The Judiciary Committee already has passed two anti-trafficking bills that will be up for full Senate consideration. One would create a new source of financing for victim services and law enforcement with enhanced fines on criminals convicted of human trafficking and child pornography. The other would encourage states to treat those who are preyed upon by sex traffickers as victims instead of prosecuting them as criminals. The House has approved similar bills.

Another story from Maine helps illustrate both the harrowing experiences faced by young sex trafficking victims and also the importance of service providers in changing the course of the survivor’s life. In 2013, Preble Street, an organization that operates a homeless shelter and teen center in Portland, formed the Preble Street Anti-Trafficking Coalition – a group of outreach, health, case management, and legal service providers. With the support of a Department of Justice grant, this Coalition has brought together organizations such as Catholic Charities of Maine, the Sexual Assault Response Services of Southern Maine, and the U.S. Attorney’s office. It is currently working with approximately 50 trafficking victims, whose ages range from 15 to 42.

One young woman, now 20-years-old, had been a familiar face around the Preble Street Teen Center. She was in and out of the foster care system, and met other girls who introduced her to “survival sex,” a way to trade sex for a place to sleep and other basic necessities. At age 16, she traded sex for a ride to Boston. Once in Boston, she met a man who prostituted her to other men, in Boston and back in Maine. She was sold to other pimps and endured physical abuse and violence for many years. When she eventually escaped and her traffickers were charged by police, she had nowhere to go but the local homeless shelter.

In fact, police chiefs, prosecutors, and service providers in Maine tell me that the lack of aftercare services, including a safe place to sleep, is among the greatest challenges that victims face. Today, the Preble Street Anti-Trafficking Coalition is helping this young woman and others like her start a new life. She is doing well and was able to testify against her trafficker in court – a very brave and traumatic ordeal for a victim.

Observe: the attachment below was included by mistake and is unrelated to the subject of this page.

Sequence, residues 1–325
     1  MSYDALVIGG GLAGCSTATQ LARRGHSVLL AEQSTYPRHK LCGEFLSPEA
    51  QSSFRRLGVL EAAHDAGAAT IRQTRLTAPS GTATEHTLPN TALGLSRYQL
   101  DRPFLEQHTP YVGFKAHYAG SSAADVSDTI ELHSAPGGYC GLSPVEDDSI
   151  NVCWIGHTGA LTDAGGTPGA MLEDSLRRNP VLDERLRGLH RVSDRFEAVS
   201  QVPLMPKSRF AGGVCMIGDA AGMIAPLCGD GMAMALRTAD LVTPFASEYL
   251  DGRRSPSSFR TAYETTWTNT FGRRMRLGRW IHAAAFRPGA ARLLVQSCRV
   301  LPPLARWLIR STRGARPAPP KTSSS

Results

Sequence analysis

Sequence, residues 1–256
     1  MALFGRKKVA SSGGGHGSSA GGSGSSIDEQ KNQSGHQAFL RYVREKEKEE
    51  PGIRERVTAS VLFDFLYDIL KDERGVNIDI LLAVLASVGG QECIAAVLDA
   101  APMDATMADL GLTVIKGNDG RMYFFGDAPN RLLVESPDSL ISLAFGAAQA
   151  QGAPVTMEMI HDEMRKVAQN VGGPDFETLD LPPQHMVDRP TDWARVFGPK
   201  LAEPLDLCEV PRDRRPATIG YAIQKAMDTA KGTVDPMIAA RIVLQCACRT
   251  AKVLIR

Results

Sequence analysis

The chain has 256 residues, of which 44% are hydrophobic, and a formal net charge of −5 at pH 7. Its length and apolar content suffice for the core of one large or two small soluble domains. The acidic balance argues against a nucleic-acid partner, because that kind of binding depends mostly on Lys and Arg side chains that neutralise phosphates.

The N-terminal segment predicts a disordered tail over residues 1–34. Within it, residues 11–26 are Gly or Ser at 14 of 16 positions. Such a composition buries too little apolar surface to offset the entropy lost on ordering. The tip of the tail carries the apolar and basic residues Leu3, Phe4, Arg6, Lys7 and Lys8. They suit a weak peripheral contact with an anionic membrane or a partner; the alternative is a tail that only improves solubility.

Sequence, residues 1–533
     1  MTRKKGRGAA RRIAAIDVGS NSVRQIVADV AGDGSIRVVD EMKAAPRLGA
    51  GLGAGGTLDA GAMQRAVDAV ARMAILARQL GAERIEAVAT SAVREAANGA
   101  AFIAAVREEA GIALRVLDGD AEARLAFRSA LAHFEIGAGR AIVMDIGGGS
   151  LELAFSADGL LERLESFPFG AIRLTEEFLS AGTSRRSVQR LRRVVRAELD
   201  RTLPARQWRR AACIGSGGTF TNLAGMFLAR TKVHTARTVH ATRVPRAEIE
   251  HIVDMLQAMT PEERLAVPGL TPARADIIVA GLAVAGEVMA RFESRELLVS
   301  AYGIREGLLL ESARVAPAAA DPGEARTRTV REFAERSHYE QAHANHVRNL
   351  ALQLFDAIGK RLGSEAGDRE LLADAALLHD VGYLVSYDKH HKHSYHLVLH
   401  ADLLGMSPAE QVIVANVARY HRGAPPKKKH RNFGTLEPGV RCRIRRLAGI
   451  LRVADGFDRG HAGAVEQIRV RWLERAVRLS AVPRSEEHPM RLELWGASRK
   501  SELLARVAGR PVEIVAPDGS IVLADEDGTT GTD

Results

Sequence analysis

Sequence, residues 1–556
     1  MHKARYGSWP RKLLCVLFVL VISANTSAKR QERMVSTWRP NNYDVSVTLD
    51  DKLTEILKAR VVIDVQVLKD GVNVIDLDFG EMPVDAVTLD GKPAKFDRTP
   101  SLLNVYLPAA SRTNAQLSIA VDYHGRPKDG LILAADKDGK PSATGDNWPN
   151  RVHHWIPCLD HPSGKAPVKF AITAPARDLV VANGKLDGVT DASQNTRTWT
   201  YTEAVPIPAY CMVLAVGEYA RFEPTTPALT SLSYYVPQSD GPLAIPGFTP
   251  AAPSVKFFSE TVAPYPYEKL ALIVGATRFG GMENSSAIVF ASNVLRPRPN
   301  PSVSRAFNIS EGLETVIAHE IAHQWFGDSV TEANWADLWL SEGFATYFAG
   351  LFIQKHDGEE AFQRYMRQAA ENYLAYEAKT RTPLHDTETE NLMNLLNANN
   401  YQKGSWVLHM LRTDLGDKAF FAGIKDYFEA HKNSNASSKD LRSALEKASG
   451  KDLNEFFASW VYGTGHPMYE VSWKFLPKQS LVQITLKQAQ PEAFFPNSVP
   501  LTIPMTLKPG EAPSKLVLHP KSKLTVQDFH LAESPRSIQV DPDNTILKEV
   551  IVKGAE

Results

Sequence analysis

It is not surprising that Portland’s homeless shelter is a critical partner in the fight to end human trafficking. Approximately one in four homeless youth are victims of sex trafficking or engage in survival sex, and 48 percent of homeless youth have done so because they did not have a safe place to stay.

The bill Sen. Leahy and I authored, the Runaway and Homeless Youth Trafficking Prevention Act, reauthorizes critical preventive and treatment services that help homeless youth around the country. Despite the recent decline we have seen in chronic homelessness, there are still more than 1.6 million homeless teens in the United States. As Chairman of the Housing Appropriations Subcommittee, one of my goals is to make sure our nation’s homeless youth have the same opportunity to succeed as other youth.

Our healthcare workers in Maine are also tremendous partners in helping to address these crimes. St. Joseph Hospital in Bangor, Maine, has focused its efforts on educating and training clinicians and emergency medical providers to recognize the signs of human trafficking among their patients. With the proper tools and training, these clinicians can intervene in human trafficking cases and help these atrocities from continuing.

Maine is doing its part to end this scourge, where the “Not Here” Justice in Action Network brings together law enforcement and service providers to raise awareness about trafficking. Maine’s Sex Trafficking Action Response Team and the Attorney General’s Human Trafficking Workgroup also provide statewide platforms for sharing resources. Those efforts, along with the work underway in Congress, are shining a bright light on some of the darkest stories imaginable.

Maine Calling: Human Trafficking

Combating sex trafficking internationally and in Maine.

Guests:

Ruchira Gupta, Founder and President of ApneAap Women Worldwide , a grassroots organization that has helped thousands of women access safe housing, education, job training and other resources.

Meg Elam, Assistant District Attorney, Cumberland County

Fiona Mason, Director of Social Work, Preble Street

dee Clarke, trafficking survivor and Homeless VOices for Justice advocate